I am trying to figure out the best method for spraying a set neck solid body, for example a Les Paul.

I'll stain the top and the body and neck and I'll have to clearcoat. For bolt on necks it's pretty easy to mount them on a stick and hang it from the stick too, but set necks I'm not so sure about. I saw somebody attaching a handle inside of a pickup rout in the top which makes sense but how do you hang it then?

Others say finish body and neck seperately, or use clothing hanger wire through a tuner hole...

Any advice?

Tags: curing, finishing, handle, neck, set, spraying

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Hi Micha,

The general standard is as Paul has illustrated which also provides a way of handling the guitar and moving it about by holding onto the eye bolt.  We still use this system from time to time but generally we now use a rotisserie arrangement with a flange screwed into the pickup cavity. 

This allow the spray painter to rotate the guitar by way of a wheel on the horizontal rotating shaft  to give the optimum spray angle and access to all nooks and crannies while using the gun in the vertical and with a constant wrist angle and action.  Our original roughie is mounted on an old three roller stand and the new jig system being built is mounted on an engine stand so it can be wheeled in and out of spray/dry areas without having to handle the guitar and can also handle multiple units at one time. 

The primary advantage is that coats are initially sprayed onto a gravity friendly surface and don't run and as the guitar is rotated it allows the lacquer to draw out in many directions giving a flat and consistent build.  Obviously the guitar does not rotate on the pivot when the air hits it and the operator also has optimum body positon and access to all surfaces.

Probably the most worthwhile jig I have ever made.



WoW Russ, That top looks like a  golden swimming pool ! Nice jig and work....!!!

Hey Russell,

wow what a cool guitar and also what a cool srpaying jig. I actually got inspired and build myself a little rotisserie... I'll post pictures once tested and in action!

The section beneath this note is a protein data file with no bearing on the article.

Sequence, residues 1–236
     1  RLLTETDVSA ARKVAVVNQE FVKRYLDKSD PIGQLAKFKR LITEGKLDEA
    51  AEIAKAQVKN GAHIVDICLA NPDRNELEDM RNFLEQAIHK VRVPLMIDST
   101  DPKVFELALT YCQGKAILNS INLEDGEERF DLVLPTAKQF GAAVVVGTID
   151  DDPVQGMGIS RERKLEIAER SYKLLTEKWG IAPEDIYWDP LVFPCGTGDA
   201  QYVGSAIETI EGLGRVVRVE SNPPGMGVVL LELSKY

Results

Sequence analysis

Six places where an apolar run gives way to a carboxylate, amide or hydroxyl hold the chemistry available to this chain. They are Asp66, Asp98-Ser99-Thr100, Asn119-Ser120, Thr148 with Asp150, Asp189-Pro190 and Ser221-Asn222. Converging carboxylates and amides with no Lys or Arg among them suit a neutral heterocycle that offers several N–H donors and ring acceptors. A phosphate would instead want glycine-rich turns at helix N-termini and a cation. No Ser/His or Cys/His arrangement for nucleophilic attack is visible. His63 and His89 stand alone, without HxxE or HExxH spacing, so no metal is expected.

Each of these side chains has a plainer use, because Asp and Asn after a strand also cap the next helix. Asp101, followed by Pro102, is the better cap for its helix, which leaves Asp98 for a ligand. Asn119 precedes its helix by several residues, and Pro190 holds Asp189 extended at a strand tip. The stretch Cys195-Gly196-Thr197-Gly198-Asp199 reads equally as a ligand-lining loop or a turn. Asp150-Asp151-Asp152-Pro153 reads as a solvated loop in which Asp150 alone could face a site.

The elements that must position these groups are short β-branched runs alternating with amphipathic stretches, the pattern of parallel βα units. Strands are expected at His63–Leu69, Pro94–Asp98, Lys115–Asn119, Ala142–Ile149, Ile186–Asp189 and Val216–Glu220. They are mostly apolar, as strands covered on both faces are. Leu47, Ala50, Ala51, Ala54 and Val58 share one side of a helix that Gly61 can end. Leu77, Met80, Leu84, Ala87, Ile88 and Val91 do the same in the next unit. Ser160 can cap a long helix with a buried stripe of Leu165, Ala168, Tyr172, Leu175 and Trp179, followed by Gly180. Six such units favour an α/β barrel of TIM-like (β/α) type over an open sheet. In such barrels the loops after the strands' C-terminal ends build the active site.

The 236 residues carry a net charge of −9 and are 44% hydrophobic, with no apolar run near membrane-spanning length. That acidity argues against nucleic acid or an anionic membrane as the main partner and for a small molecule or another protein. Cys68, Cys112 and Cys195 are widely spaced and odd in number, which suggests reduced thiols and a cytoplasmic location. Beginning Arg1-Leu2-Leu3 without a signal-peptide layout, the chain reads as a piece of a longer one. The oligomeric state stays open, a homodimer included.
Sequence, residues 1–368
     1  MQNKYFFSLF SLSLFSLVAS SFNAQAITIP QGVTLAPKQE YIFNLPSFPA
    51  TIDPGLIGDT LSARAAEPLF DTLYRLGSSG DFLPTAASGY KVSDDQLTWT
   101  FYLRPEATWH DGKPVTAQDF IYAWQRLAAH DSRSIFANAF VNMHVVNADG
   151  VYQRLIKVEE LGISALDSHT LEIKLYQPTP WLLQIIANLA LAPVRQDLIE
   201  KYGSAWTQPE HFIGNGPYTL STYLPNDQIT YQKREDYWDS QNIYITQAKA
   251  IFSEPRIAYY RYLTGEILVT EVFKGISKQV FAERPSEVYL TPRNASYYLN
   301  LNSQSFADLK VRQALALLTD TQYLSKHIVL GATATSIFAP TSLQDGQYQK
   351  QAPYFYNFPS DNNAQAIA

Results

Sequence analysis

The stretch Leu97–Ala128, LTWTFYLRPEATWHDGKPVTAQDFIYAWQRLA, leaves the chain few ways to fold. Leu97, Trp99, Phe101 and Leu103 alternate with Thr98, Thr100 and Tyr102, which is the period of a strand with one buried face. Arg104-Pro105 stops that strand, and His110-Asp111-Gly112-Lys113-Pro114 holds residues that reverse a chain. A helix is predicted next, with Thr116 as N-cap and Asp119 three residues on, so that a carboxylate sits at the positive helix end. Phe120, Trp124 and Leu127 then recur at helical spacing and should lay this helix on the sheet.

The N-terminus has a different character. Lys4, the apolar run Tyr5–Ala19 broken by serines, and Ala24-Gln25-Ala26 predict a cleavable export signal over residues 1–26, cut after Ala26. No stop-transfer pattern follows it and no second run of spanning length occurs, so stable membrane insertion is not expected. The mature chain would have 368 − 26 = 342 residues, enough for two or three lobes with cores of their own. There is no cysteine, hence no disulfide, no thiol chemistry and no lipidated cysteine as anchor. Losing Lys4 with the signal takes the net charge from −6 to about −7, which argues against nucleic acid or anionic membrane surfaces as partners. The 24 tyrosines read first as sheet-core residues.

I got just one question, should you need to spray bursts, you would still hang the guitar from the lower bout, right? I image the jig being in the way in that case?

Hi Mischa,

If you look closely you can see a locking arrangement on the vertical shaft that screws into the pickup cavity, I unlock that and the guitar can spin 90+ degrees in the horizontal while I spray the burst - don't do it often but that way I can spray in a flat plane which gives me a consistent spray pattern for a burst.   For "F" style bolt on neck pockets I have a flat plate that screws to the horizontal shaft  when the vertical shaft is removed and this flat plate screws into the neck pocket to give a similar rotisserie effect.

The main  improvement to this jig is putting  it on a stable "engine stand" base so it can be moved around with confidence and where I can see it while moving it - the number of times I have brushed against stuff or bumped into things carrying a wet lacquered guitar between stations is just too many to think about!

I'm looking forward to seeing your work and I'm sure you can improve this rather basic design.


great reply rusty as can't help but feel kinda proud that you've used my "earplugs in the holes" tip.

I made a rotating hook that goes through a tuner hole for when I spray a neck through guitar, and it works nicely. But Id have to recommend you try to make something like Rusty's rig if you have the room and time. Unfortunately I dont have that kinda room at all, so I make spraying vertically work. You just have to be extra careful to watch where your build ends up and to keep your spray strokes consistent. Spraying upside down gets tricky! If you have to do it that way, I suggest keeping a good quality lacquer brush on hand to tip off runs or drips. The pinholes that can result are a bugger.


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